Time Course of Cellular Growth and α-amylase Production
A linear relationship was found between enzyme synthesis and cell growth i.e. maximum α-amylase production occurred when the cell mass reached to maximum (Fig. 1)
Effect of Starch Concentration on α-amylase Production and extracellular activity
Figure-2 showed that medium containing 1.5 g% starch supported the maximum production of α-amylase and increasing starch concentration beyond 1.5 g% resulted in the declined enzyme production.
Figure-3 showed the graphical analysis of the effect of substrate concentration on extracellular α-amylase activity. The maximum velocity was achieved with 2 % starch, where after it declined sharply.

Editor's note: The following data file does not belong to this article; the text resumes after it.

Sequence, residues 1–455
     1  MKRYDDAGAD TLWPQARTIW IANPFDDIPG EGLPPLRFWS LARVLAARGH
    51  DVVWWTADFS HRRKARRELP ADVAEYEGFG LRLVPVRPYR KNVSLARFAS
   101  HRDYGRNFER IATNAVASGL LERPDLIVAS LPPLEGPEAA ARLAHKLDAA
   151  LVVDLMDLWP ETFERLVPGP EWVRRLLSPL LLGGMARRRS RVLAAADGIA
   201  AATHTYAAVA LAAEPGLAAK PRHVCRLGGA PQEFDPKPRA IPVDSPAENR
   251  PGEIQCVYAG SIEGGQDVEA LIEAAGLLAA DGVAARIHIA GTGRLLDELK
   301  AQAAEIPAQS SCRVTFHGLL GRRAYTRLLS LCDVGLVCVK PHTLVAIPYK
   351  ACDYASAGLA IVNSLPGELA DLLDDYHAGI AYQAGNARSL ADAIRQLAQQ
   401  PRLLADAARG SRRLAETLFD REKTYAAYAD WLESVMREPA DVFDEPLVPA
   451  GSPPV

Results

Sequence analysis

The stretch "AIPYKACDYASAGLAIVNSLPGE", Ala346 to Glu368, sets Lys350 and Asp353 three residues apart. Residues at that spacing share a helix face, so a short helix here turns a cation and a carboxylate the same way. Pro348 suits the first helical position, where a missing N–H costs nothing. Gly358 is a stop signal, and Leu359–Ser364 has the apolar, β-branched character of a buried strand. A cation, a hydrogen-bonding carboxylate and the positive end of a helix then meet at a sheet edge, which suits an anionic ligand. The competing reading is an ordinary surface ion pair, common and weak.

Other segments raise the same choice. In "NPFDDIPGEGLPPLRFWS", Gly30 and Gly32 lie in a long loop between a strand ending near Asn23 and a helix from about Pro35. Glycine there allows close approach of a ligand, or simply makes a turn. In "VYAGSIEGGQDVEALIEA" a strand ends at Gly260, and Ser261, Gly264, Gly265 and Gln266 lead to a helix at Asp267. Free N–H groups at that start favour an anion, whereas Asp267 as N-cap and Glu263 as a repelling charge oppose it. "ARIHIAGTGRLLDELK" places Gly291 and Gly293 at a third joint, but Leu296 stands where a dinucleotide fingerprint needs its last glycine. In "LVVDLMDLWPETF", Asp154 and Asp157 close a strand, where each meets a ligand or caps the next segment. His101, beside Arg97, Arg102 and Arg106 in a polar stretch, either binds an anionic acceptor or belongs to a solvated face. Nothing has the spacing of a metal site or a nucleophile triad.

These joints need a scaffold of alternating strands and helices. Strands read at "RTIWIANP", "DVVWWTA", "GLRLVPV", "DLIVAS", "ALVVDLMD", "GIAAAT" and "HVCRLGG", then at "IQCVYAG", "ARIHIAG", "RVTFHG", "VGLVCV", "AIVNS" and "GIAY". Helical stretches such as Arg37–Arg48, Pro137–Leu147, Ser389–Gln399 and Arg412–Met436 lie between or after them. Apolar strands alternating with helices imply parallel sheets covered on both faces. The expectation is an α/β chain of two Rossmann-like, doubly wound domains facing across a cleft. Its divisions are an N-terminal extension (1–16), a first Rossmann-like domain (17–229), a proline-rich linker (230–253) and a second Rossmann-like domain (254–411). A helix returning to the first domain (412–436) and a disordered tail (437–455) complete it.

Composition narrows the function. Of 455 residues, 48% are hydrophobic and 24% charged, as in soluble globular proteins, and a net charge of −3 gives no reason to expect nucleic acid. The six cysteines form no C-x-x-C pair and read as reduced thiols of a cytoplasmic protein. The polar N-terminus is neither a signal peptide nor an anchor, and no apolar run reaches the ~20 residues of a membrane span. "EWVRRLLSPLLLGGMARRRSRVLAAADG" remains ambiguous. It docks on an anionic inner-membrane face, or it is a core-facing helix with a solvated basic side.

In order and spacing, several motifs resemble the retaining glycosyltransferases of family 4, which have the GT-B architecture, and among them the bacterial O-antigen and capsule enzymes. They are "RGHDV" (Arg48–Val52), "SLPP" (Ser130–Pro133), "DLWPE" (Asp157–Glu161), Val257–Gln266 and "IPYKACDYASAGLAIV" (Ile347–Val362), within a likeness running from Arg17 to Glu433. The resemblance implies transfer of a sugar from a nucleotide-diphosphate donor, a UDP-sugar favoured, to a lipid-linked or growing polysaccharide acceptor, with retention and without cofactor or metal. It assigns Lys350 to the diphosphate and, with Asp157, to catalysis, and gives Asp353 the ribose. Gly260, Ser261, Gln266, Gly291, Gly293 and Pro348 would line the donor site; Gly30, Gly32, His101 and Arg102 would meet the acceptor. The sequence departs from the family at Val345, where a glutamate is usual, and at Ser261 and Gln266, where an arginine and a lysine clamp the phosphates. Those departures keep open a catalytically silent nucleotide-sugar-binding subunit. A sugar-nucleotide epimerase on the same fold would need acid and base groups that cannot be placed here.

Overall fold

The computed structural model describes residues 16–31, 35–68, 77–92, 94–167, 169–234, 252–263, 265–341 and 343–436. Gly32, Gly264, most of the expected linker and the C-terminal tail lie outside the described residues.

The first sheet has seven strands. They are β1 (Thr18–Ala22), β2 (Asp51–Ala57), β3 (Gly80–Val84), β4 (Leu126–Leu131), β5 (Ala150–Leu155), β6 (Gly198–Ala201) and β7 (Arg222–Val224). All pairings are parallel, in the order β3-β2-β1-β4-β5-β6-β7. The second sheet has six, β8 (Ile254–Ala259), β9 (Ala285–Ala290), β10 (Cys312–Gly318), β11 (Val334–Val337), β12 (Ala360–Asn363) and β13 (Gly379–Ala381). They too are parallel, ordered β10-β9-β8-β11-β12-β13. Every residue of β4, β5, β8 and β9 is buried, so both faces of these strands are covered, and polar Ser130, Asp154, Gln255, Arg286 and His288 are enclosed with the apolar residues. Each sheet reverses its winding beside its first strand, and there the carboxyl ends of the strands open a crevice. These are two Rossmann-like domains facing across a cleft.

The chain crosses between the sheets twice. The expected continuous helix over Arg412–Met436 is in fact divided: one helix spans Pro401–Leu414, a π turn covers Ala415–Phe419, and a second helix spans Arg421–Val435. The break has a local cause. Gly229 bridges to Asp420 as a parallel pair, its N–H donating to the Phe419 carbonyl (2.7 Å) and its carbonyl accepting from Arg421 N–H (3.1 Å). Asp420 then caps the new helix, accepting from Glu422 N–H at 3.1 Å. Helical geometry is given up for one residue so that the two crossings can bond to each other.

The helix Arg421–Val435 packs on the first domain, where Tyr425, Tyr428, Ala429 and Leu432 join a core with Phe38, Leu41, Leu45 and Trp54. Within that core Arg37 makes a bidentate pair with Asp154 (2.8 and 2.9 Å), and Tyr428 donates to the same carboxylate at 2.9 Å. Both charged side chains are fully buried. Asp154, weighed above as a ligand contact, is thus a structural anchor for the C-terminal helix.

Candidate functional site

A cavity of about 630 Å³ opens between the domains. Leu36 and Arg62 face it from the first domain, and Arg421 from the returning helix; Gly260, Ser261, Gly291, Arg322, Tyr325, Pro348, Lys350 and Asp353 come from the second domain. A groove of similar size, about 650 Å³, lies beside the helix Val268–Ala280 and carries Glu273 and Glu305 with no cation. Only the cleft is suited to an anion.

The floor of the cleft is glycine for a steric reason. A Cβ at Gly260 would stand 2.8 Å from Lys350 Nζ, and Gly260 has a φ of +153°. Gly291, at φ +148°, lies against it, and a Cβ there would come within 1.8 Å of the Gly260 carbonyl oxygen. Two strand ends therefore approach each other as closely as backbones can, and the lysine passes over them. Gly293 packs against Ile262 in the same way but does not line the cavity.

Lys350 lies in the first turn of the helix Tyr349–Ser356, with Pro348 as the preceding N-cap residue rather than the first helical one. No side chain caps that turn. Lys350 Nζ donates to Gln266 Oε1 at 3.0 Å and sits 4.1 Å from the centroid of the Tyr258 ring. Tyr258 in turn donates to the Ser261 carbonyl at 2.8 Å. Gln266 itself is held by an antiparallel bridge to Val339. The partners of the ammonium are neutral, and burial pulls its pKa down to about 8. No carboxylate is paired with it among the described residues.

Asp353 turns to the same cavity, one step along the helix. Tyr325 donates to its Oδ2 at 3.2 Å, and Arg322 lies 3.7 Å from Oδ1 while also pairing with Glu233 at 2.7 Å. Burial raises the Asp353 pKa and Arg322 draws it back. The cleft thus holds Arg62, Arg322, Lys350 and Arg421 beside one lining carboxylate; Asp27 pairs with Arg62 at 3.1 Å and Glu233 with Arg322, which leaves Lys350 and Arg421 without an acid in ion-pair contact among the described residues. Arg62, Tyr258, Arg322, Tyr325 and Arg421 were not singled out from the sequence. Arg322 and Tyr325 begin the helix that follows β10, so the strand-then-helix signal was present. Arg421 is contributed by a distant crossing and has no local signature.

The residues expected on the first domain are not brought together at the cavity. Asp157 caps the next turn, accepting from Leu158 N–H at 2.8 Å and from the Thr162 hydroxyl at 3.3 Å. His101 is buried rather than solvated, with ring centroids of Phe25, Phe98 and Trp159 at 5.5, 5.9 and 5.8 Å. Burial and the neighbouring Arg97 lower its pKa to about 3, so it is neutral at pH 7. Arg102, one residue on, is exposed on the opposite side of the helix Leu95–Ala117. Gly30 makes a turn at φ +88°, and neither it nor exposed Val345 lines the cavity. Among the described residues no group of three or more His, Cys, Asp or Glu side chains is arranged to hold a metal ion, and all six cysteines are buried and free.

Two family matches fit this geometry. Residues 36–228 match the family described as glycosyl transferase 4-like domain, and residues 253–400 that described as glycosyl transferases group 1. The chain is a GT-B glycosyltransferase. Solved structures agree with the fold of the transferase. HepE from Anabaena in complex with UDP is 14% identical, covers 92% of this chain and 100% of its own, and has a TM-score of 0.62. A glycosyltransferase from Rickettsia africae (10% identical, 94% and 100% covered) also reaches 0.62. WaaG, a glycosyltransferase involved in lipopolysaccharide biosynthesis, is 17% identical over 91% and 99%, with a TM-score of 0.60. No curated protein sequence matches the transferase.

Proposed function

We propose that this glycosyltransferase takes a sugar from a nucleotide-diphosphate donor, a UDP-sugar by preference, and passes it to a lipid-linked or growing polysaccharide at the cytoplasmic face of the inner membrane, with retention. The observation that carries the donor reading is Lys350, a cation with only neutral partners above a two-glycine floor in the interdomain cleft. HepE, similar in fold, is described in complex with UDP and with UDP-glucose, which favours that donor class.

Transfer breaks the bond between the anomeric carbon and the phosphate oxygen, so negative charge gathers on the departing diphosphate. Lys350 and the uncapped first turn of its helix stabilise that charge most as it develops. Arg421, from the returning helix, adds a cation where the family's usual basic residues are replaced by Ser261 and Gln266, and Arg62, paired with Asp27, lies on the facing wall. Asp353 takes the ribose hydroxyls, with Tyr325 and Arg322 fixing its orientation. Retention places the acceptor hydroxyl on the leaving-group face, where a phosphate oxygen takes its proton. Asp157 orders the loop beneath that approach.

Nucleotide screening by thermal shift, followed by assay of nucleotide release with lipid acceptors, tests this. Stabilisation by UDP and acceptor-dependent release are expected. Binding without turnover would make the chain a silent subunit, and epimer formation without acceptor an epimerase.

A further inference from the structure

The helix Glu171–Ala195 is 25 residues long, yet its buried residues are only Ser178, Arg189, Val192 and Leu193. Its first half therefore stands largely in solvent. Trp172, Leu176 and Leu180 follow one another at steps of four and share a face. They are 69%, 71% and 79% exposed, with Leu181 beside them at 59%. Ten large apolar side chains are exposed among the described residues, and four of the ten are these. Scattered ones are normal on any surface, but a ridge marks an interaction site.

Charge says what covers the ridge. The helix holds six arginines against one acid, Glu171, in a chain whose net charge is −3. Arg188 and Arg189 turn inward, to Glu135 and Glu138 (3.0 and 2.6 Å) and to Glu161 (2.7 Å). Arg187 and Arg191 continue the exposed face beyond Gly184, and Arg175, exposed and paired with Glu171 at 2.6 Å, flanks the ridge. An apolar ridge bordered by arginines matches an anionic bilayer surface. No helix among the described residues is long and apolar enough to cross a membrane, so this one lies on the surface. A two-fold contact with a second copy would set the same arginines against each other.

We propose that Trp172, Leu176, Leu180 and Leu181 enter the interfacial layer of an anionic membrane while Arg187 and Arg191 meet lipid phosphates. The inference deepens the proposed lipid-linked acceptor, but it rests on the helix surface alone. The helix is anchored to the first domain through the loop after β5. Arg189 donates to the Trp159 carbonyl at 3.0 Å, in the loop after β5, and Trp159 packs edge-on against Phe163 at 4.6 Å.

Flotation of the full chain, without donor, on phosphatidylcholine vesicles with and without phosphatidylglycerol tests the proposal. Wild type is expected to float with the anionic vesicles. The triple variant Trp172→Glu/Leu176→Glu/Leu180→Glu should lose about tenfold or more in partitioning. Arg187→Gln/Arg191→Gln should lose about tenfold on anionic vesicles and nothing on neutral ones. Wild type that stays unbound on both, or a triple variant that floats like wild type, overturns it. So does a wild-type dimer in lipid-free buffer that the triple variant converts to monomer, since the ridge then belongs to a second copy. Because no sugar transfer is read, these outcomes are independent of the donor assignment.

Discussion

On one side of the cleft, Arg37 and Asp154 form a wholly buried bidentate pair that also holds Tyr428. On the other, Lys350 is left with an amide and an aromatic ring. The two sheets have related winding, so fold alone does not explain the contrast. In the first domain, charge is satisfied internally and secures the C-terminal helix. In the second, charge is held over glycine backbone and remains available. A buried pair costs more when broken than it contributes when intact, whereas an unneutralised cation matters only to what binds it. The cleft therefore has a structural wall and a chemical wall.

Effect of Temperature on α-amylase production and extracellular activity
It was found that enzyme production in the fermentation medium increased with increase in temperature and maximum enzyme production was obtained at 50°C and after, enzyme production was sharply decreased at 55°C. At 50°C the maximum bacterial cells multiplication occurred and during their multiplication they secreted extracellular enzyme (Fig. 4).
The optimum temperature for maximum extracellular α-amylase activity was found to be 60°C.
Further increase in temperature resulted in reduce enzyme activity (Fig. 5).
Effect of pH on α-amylase production and extra cellular activity
Maximum enzyme production was observed when pH of the medium was kept 7.0 before sterilization (Fig. 6), while at pH 5 and pH 9, 68 % and 30 % production was observed respectively, with reference to the optimum pH.